In about 10 weeks, the Premier League will crown a champion for the 2023 season. While fans will focus on winning the title, club owners have their eyes on a different prize: finishing in the top four and securing a spot in the UEFA Champions League, which promises millions of dollars in prize money and broadcast revenues.
“The Premier League’s distribution model for media rights is the most equitable in Europe,” Kieron O’Connor, a soccer finance expert, said. (O’Connor boasts more than 244,000 followers on Twitter, where he posts long threads about the business of soccer under the handle @SwissRamble.)
“The real revenue differentiator for leading clubs is in European qualification,” he said, “especially the highly lucrative Champions League.”
Qualifying for UEFA’s tournaments is more varied and complex than American audiences might be used to. In normal circumstances, the top four teams in the Premier League qualify for the Champions League, the most prestigious competition in Europe, which pits title-holders from national leagues across the continent against each other and includes other high-placing teams from the biggest leagues, primarily England, Spain, Italy and Germany.
The Champions League winner receives prize money that approaches $100 million.
Meanwhile, England’s FA Cup and Carabao Cup winners, and the fifth team in the Premier League, qualify for the UEFA Europa League—a rung down from the Champions League. It’s still an important competition, as the Europa League winner gets a spot in the following year’s Champions League competition, as well as over $20 million in prize money.
Here’s where it gets complicated. If the FA Cup winner finishes in the top five of the Premier League, its Europa League place will go to the next-highest-ranked team not qualified for UEFA competitions, according to EPL rules. And if a Premier League club wins the UEFA Champions League, it will automatically qualify for the next season’s competition regardless of its league finishing position.
Once in the Champions League, the four Premier League teams join 28 other teams from Europe’s 55 national soccer associations. They split into eight groups of four teams, and the winners and eight runners-up proceed to the knockout phase that leads to the final. The number of teams each association enters in the league is based upon the UEFA coefficients, generated by the results of clubs representing each association during the previous five CL and UEFA Europa league tournaments.
Regardless of the details, there are multiple potential paths to the Champions League, and if a team can get there, significant financial benefits await. In addition to prize money for advancing in the tournament, there are payouts for a team’s UEFA coefficient and a share of the pooled TV money.
Last year’s champions, Real Madrid FC, brought home $90 million and an additional $5 million for winning the UEFA Super Cup in August. Los Blancos have won the Champions League trophy 14 times, more than any other team in the history of the tournament, but their UEFA coefficient is still lower than Liverpool F.C., Manchester City F.C. and Chelsea F.C.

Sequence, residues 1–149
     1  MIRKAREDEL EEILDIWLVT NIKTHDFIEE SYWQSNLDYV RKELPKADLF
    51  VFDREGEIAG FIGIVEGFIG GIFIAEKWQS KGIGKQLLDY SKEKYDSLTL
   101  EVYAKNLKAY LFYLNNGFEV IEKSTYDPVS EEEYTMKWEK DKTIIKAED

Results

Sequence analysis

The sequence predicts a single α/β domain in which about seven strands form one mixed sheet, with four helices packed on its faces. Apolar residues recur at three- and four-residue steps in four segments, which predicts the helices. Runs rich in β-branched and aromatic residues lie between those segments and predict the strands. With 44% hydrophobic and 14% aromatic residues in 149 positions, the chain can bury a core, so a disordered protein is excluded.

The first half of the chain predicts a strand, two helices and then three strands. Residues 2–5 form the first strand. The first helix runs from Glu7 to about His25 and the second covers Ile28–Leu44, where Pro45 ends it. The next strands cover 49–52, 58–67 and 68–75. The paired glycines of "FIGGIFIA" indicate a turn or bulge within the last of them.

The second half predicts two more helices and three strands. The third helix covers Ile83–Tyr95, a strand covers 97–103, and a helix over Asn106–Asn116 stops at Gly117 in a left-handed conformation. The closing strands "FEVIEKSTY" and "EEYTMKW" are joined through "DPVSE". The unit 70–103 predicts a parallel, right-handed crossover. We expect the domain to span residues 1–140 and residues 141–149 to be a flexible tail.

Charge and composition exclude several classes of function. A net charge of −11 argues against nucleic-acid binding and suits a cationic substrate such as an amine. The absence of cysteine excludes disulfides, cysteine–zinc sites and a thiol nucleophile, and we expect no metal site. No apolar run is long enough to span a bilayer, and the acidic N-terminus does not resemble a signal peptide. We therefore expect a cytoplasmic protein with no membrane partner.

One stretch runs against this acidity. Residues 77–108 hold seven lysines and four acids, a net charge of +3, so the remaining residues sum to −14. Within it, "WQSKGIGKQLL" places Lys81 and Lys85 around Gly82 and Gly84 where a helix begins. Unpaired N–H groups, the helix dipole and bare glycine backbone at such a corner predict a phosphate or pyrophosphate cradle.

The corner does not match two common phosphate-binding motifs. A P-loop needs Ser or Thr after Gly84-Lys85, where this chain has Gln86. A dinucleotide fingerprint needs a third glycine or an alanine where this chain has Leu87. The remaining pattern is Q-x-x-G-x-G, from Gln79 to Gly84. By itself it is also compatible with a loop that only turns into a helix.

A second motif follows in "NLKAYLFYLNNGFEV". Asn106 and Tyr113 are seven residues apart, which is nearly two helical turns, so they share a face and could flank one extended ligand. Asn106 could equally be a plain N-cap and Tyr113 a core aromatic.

“On top of that, a club would generate additional income from ticket sales and performance-related uplifts in sponsorships,” O’Connor said. “In short, it’s a game-changer.”
In comparison, winning UEFA’s Europa League brings in $24.6 million (€23 million) in prize money. According to O’Connor’s calculations, Premier League teams that competed in the Champions League last year brought in $104 million on average, compared with $30 million for EPL clubs in the Europa League.
Qualifying for the Champions League means bonuses from sponsors, but not qualifying might mean losing existing sponsorship dollars. Manchester United, Premier League’s most valuable team according to Sportico’s latest valuations, has a clause in its contract with Adidas that allows the sponsor to reduce its annual payment by 30% if the team does not qualify for two or more consecutive seasons. If the team does not qualify again this year, it could lose $26 million (£22.5 million) next year (one-third of its $90 million contract). Manchester United has won the Champions League title three times in the past but did not qualify for the tournament last year.
Sponsorship dollars are not the only revenue at risk. “It’s worth noting that some of the financial pain of not qualifying would be mitigated by lower costs, as players’ wages include significant performance-related bonuses,” O’Connor said. “This is one of the reasons Liverpool’s wage bill was so high last season, as they won two trophies and finished as runners-up in the other two competitions.”
In response to the failed Super League project, the Champions League format will change in 2024, with the number of teams competing in the tournament expanding from 32 to 36. UEFA will award four additional spots to the countries whose clubs have performed best in European competition the previous season. Two places are reserved for the two countries with the highest coefficient score in the current season. “Therefore, there’s a reasonable chance that the Premier League will have five spots, albeit not guaranteed,” O’Connor said.